Fall 2016, Siena College

Lab 9: Best Of
Due: 11:30 AM, Friday, December 2, 2016

For this lab, you will be implementing an interesting ordered structure and using it in a number of contexts.

You may work alone or in a group of 2 or 3 on this lab. Only one submission per group is needed.

While this lab is not due until right before you leave for Thanksgiving break, you should try to get as much as possible done this coming week.

Getting Set Up

To get your BlueJ environment set up for this week's lab assignment, start BlueJ and choose "New Project" from the "Project" menu. Navigate to your folder for this course and choose the name "Lab9" (no spaces) for the project.

Create a document where you will record your answers to the lab questions. If you use plain text, call it "lab9.txt". If it's a Word document, you can call it whatever you'd like, but when you submit, be sure you convert it to a PDF document "lab9.pdf" before you submit it.

Practice Program

Practice Program: Write a Java application SyracuseSeq.java that generates a Syracuse Sequence for a given value of n. This sequence will be used in some of the lab questions (see thought question 3 on p. 276 of Bailey) following the programming assignment. Your program should take a number as a command-line parameter and print the values in Syracuse sequence starting at that value until it reaches 1, and then print out the length of the sequence. (6 points)

Finding the "Best Of"

The first part of your programming assignment is to complete the laboratory in Section 11.4 of Bailey - computing the "Best Of" a collection of values by some metric. Initially, the metric will be determined by the compareTo method of the Comparable objects we we place into the BestOf data structure.

First, carefully read the lab description in the text. Before you start coding, think carefully about the BestOf class. What does it extend and/or implement? What will you use for your BestOf's internal data representation? Based on that data representation, what instance variables are needed? Do you plan to store the contents of your BestOf in order at all times or sort them as needed? Why or why not? Do not start coding until you are confident in your answers to these questions.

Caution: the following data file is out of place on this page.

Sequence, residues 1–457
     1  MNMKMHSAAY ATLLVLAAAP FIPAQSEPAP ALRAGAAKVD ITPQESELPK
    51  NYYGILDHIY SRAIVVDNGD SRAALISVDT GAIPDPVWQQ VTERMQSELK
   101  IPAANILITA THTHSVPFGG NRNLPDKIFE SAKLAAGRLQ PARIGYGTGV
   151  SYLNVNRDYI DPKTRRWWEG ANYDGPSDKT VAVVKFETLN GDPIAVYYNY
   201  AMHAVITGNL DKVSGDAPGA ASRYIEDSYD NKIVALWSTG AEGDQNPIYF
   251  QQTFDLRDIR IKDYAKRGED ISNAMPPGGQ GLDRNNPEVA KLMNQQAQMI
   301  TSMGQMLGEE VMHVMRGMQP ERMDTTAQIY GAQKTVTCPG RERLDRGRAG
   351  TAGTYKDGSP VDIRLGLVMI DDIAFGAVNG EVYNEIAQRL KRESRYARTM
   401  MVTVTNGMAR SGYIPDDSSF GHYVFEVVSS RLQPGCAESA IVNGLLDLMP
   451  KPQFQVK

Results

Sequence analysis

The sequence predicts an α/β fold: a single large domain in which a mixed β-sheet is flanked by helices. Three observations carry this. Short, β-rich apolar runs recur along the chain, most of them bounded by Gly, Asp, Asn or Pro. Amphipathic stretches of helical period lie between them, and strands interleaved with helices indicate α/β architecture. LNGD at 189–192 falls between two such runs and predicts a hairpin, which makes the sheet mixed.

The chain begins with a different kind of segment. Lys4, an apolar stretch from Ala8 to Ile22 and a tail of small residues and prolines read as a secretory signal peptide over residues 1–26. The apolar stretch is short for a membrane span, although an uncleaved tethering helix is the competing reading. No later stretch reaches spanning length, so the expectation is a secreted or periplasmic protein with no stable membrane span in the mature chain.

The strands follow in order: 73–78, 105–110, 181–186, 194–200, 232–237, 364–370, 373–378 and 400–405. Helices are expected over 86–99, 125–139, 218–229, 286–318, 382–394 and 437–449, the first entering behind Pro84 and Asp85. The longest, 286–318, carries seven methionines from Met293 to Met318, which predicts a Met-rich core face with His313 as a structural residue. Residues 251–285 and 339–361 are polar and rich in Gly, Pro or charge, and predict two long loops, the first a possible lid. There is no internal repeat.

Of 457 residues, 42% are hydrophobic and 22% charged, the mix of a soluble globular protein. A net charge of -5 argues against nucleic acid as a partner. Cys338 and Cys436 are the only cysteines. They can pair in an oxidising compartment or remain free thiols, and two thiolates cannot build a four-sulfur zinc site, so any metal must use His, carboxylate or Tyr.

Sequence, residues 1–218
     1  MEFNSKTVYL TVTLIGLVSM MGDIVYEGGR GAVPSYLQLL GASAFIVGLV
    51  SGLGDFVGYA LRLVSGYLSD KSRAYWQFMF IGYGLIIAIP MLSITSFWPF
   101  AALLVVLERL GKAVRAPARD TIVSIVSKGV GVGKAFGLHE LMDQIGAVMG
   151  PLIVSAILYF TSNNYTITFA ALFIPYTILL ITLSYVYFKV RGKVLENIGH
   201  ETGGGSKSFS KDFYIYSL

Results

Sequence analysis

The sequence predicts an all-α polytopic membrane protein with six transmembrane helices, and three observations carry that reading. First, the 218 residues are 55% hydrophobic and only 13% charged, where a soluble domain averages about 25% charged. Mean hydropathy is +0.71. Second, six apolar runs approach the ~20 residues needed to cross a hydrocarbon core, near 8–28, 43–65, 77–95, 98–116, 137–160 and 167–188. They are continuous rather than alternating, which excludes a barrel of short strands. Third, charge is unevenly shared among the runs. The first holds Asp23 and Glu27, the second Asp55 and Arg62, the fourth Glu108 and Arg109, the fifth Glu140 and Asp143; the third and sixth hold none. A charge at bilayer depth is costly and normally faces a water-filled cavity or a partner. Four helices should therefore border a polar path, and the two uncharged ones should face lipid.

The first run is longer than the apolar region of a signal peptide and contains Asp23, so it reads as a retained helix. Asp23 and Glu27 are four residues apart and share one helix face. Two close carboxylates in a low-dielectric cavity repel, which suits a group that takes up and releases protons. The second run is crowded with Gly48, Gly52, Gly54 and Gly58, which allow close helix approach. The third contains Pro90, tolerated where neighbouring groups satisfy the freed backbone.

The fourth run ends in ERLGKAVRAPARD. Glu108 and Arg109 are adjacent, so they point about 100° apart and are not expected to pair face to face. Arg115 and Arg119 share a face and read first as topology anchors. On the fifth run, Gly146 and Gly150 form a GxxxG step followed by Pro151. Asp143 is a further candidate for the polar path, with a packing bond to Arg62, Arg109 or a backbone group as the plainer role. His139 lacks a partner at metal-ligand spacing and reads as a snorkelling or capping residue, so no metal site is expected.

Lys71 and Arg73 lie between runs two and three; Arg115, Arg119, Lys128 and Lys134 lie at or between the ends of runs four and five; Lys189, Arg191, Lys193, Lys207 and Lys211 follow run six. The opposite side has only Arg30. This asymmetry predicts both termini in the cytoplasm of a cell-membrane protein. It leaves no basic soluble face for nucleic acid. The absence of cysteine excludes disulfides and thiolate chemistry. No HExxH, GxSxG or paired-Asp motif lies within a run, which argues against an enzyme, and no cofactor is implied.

Your BestOf's main method should run one or more simple test cases for your structure. You may use the one described at the top of p. 276 or devise your own test cases.

Question 1: Answer thought question 1 from Bailey p. 276. (2 points)

Question 2: Answer thought question 2 from Bailey p. 276. (3 points)

Rather than answering thought question 3 as written, we will extend it a bit.

Write a program as a main method in a class Syracuse in a file Syracuse.java that generates the Syracuse sequences for all starting values from 1 up to n, given as a command-line parameter. Your program should track and report the following:

1. The top k (a second command-line parameter) intermediate values encountered at any point in the sequences. At the end it should report the k values, and for each, print out the value, the n that generated it, and the position in the sequence for n where the large value occurred.
2. Find the top k longest sequences. At the end it should report the length of the k longest sequences and the n that generated each.

You should maintain two BestOfs for this program, one responsible for each above the parts above. Should you wish to use an extra class to keep track of information for the Syracuse sequence generation (and that's a Good Idea), you might want to declare a non-public class inside of Syracuse.java that can be used only within that Java file. Class examples SimpleLinkedList and MazeRunner have examples of non-public classes.

The intermediate values you will generate can get quite large, so you should store numbers in variables of type long and Long instead of int and Integer as you generate your sequences.

Question 3: What are the top 25 intermediate values encountered at any point in the sequences up to n=10,000? Include the n that generated the value and the position in that n's sequence. (2 points)

Question 4: What are the lengths of the top 25 longest sequences for values of n up to 10,000? Include the value of n that generated each. (2 points)

Working with Travel Mapping Data